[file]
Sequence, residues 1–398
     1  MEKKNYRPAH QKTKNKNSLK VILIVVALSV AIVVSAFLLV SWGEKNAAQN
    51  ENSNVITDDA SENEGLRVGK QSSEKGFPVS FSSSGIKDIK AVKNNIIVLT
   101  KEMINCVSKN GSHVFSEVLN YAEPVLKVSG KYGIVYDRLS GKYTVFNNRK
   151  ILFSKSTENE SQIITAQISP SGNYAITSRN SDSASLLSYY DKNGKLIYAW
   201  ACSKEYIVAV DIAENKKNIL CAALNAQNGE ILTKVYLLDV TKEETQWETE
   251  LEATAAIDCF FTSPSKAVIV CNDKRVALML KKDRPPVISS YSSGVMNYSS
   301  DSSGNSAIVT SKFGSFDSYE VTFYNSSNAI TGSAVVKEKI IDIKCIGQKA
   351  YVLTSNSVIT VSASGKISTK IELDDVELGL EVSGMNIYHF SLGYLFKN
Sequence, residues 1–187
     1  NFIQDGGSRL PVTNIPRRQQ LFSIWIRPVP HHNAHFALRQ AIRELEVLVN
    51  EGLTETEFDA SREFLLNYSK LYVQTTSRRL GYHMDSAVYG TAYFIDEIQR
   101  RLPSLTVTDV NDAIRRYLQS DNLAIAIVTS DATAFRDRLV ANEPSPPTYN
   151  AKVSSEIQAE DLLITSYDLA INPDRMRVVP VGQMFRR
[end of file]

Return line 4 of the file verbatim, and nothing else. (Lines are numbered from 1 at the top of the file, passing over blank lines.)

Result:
   101  KEMINCVSKN GSHVFSEVLN YAEPVLKVSG KYGIVYDRLS GKYTVFNNRK